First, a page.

When framing issues for public deliberation, it’s important to start where the public starts. Practically speaking, this means doing basic research that involves talking to an array of people about what concerns them when it comes to the topic at hand and listening very carefully to what they say.
When people are working on framing such issues, they will often end up with a list of concerns that numbers into the hundreds. That’s more than any group could practically deliberate over. When we prepare issue guides for the National Issues Forums, we try to end up with three (or sometimes four) main options. Which raises the question, how do you move from hundreds of concerns to just three or four options?
First Cut: Not Every Concern Is Unique
While people may express a large number of concerns on a specific topic, many of these concerns are often similar or related. People talk about their particular circumstances, which differ, but their experiences are common.
For instance, if the topic is “crime,” then it is likely that the team doing the issue framing is asking people, “When it comes to crime, what concerns you?” One person might answer that she feels unsafe walking from her apartment to the bus stop early in the morning on the way to work. Another, who lives in a different part of town, may say that he is concerned for the safety of his children walking to school. These concerns are quite similar, and both reflect an underlying concern about personal safety.
When reviewing the research—that is, peoples’ answers to the question of what concerns them—a good first pass will be to see if it is possible to group the concerns into 7-10 such clusters that each represent a similar concern.
Refining the Concerns
Once the concerns are organized into a manageable set of groups, organizing these concerns into a number that people can consider in one sitting can still be a challenge.
Often, the team developing a framework for deliberation will struggle with different ways to further break them down. A number of ways might present themselves. Looked at one way, it might appear useful to organize the concerns in terms of who is responsible for solving the problem. Another way of organizing the concerns might be to focus on what level of government is typically responsible for addressing them. Or, a conservative-liberal-moderate approach might reveal itself. In our experience, these kinds of frameworks can get in the way of deliberation.
Public deliberation is nothing more complicated than people weighing options together against what they hold valuable. To be most useful, a framework to support this work should make clear the tensions between what we might do (options) and the things we hold valuable.
A “who-does-what” framework can gloss over tensions, as people naturally decide that whoever is not in the room is responsible. A conservative-liberal-moderate framework, meanwhile, may simply recapitulate the hyperpolarized discourse we already see in the op-ed pages.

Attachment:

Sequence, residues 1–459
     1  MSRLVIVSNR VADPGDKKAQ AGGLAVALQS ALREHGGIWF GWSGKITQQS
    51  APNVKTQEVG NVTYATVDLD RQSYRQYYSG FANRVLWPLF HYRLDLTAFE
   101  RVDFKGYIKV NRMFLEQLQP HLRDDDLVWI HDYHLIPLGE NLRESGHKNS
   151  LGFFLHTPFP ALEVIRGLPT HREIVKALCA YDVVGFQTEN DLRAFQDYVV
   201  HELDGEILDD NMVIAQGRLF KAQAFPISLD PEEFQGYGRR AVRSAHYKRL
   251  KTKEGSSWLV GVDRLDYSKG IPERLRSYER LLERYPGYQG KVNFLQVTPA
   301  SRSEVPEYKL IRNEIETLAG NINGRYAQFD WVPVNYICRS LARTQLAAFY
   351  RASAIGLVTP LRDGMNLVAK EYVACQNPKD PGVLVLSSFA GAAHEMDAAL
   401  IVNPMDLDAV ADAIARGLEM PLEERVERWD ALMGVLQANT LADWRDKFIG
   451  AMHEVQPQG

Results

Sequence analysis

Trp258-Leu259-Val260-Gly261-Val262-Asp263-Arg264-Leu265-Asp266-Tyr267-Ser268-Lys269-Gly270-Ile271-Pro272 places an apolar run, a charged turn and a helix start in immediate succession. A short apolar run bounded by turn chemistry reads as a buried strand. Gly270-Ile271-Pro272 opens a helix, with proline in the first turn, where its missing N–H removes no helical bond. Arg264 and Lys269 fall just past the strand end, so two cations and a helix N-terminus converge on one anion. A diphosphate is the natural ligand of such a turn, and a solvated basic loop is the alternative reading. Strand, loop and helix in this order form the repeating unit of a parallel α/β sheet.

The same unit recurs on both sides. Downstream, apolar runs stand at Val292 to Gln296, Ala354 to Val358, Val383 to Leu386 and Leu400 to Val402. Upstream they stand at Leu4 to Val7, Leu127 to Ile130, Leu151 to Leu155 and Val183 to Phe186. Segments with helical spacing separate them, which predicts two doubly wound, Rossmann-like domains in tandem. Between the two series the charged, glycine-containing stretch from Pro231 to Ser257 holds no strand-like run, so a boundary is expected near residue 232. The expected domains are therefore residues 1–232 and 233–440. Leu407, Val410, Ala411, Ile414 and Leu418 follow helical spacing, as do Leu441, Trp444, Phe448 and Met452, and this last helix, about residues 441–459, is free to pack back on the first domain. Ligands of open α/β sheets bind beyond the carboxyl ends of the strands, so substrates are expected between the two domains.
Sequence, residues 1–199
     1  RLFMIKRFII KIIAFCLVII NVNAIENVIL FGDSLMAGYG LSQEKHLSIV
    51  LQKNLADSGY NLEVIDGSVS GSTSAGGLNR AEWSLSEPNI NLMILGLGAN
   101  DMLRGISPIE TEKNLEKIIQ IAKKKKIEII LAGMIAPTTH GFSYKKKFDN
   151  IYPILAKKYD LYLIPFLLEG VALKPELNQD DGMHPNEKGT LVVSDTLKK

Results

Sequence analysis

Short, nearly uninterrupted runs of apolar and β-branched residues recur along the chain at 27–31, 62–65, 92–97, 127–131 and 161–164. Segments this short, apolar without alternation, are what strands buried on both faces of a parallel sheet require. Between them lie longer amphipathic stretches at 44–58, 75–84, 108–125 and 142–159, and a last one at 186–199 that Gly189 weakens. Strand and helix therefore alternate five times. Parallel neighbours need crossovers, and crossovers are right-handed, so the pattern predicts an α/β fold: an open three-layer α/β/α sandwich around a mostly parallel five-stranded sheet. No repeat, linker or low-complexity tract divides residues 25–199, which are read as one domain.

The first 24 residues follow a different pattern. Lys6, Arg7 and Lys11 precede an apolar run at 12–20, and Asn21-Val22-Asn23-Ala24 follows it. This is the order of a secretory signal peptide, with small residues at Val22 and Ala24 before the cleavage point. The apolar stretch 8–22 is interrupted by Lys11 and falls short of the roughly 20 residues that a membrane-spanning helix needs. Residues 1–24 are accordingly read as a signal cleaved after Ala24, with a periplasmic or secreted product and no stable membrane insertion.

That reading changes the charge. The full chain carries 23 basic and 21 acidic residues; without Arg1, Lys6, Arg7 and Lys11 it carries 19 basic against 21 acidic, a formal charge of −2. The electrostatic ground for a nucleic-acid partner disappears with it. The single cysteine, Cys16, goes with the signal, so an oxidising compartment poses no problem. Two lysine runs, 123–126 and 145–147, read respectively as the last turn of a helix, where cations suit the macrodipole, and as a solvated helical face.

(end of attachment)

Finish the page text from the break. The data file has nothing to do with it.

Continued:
Finding the Tensions: Things Held Valuable
When articulating the main options for action, we usually try to organize each option around something distinct that is commonly held valuable. This can be easier to say than it is to do. One way to think about it is to examine just what is meant by thing held valuable, and how these differ from the more common term, “values.”
As humans developed society, there were benefits that society brought that were valuable to our very survival. If we did not get them, we otherwise would have no reason to stick with the group. For instance, if my security does not increase in some way by my being a part of the group, I might just as well go my own way. All humans can be expected to see security as a thing held valuable in this way.
Values—at least in the way that most people mean them—derive from things held valuable. Something I might hold valuable is that people do what they say they will do in predictable ways. A value that derives from this is honesty.
In other words, things held valuable exist on a more basic level than those things that we commonly call values (e.g., “honesty”). In a useful deliberative framework, each option will reflect a different thing held valuable. Asking people about their concerns allows us to get a sense of how they are struggling and what language they use. Asking “what is the thing held valuable” that these concerns are driven by allows us to figure out what the main options are.
Some of the common things held valuable are:
- Personal safety
- Security of the group against outsiders
- Freedom to act as I wish
- Being treated fairly by others
- Care for the vulnerable
- Order in the group
- Planning for the future
- Minimizing harm to others
These are not the only such things held commonly valuable, but we do see them frequently in issue framing work.
I would like to hear from you if you experiment with framing issues using these ideas. Please feel free to drop me a line (firstname.lastname@example.org) or comment on this blog post.